a, Picture of the textured clamp. b, Side view of the experiment.

Extended Data Figure 4 10 × 10 × 10 metacube under uniaxial compression.

a, Motif A+—the cube is designed by stacking motifs A+ and A. b, Opposite face of the one shown in Fig. 1e showing the inverted pattern. c, One of the transverse faces showing a checkerboard pattern.

Extended Data Figure 5 Complex sensory properties of a complex 5 × 5 × 5 metacube with internal smiley texture.

a, Force–compression (Fu) curves for five experiments (thick solid lines), where the colour indicates the external texture shown in Fig. 3c. The black thin lines show fits with a quadratic function F(u) = ku + ηu2 performed in the shaded region 0.8 mm ≤ u ≤ 2.5 mm. b, Corresponding numerical results. c, Scatter plot showing very good correspondence between the stiffness obtained from simulations (ks) and experiments (ke).

Extended Data Table 1 The exact value of Ω for L × L × L metacubes up to L = 14

Supplementary information

Supplementary Information

This file contains Supplementary Text and Data, Supplementary Figures 1-14 and Supplementary Table 1. (PDF 679 kb)

5x5x5 metacube, uniaxially compressed along its minor axis by flat clamps.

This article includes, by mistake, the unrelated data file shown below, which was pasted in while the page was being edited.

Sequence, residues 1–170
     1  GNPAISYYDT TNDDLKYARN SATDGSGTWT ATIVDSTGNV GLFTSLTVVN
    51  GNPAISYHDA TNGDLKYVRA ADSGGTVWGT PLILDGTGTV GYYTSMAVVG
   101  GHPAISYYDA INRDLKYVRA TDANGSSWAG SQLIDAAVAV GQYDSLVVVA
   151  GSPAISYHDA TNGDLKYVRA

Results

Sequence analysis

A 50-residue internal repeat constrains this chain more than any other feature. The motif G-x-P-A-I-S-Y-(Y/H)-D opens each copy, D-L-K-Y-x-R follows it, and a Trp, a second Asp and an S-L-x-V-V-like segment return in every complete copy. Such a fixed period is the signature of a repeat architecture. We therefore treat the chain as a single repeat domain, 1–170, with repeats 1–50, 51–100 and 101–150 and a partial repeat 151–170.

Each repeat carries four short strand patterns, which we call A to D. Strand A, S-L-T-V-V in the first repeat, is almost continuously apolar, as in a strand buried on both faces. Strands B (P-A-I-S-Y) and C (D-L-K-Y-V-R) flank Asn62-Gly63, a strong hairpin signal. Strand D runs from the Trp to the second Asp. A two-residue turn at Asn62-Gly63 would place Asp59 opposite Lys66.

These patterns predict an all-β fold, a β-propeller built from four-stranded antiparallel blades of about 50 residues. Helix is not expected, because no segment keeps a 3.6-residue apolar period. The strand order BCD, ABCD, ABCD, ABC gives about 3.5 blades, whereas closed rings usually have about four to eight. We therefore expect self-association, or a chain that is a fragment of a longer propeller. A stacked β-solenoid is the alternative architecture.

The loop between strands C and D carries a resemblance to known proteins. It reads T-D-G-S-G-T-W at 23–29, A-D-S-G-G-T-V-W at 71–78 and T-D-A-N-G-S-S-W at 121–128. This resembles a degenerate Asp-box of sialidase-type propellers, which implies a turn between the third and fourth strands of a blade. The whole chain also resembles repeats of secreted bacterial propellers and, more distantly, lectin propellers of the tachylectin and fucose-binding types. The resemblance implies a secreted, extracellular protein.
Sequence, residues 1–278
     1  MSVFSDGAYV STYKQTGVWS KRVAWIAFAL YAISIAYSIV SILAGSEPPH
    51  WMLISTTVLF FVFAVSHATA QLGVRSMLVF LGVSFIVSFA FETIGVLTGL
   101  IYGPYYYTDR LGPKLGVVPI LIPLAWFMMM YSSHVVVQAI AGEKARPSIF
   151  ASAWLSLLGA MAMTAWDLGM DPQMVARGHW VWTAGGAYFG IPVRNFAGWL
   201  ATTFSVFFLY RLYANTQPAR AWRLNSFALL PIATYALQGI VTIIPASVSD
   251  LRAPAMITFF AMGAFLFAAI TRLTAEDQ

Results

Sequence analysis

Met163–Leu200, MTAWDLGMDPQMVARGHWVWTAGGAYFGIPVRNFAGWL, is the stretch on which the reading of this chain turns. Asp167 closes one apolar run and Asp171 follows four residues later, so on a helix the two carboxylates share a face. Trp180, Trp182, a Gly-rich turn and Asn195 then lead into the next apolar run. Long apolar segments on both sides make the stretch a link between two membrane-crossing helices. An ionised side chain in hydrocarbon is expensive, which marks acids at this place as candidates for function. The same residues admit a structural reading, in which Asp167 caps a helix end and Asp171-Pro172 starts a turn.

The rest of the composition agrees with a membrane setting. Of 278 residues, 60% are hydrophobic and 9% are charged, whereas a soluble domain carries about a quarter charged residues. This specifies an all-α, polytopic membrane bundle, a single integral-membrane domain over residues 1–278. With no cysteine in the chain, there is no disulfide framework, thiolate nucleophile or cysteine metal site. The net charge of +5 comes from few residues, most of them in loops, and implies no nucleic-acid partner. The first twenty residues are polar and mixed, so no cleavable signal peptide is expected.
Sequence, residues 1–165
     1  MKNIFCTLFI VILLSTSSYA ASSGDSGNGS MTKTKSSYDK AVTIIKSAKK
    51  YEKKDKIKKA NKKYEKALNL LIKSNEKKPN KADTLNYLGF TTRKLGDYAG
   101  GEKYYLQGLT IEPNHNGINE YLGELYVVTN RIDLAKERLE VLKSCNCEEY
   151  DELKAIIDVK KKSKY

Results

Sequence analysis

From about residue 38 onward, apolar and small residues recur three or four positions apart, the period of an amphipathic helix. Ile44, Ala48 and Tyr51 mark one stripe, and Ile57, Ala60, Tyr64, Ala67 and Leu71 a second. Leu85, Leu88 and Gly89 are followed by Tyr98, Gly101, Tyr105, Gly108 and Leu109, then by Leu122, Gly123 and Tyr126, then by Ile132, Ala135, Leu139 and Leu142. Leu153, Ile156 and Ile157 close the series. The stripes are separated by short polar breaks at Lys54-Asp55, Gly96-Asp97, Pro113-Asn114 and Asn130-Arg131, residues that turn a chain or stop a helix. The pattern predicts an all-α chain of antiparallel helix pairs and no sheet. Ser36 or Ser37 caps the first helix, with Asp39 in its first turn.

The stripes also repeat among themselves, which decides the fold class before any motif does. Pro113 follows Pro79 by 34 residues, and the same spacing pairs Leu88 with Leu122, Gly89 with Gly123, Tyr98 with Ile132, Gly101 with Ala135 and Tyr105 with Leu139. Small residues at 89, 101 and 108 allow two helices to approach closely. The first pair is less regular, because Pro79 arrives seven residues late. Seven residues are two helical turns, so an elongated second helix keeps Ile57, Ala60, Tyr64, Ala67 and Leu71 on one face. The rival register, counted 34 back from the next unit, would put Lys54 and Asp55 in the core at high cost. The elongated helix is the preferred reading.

As discussed in the main text, it exhibits a pattern transformation, where its building blocks suddenly morph in to alternated bricks of elongated and flattened shape. (MP4 1718 kb)

10x10x10 metacube decorated with square pedestals, which is uniaxially compressed along its minor axis by clamps textured in a checker board pattern (seemethods).

As discussed in the main text, its surface texture morphs into an exactingly designed ”smiley” pattern. (MP4 875 kb)

The opposite face of the same 10x10x10 metacube during a similar experiment.

As discussed in the methods, its surface texture morphs into the inverted ”smiley” pattern. (MP4 822 kb)

A side face of the same 10x10x10 metacube during a similar experiment.

As discussed in the methods, its surface texture morphs into a checkerboard pattern. (MP4 824 kb)

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Coulais, C., Teomy, E., de Reus, K. et al. Combinatorial design of textured mechanical metamaterials. Nature 535, 529–532 (2016) doi:10.1038/nature18960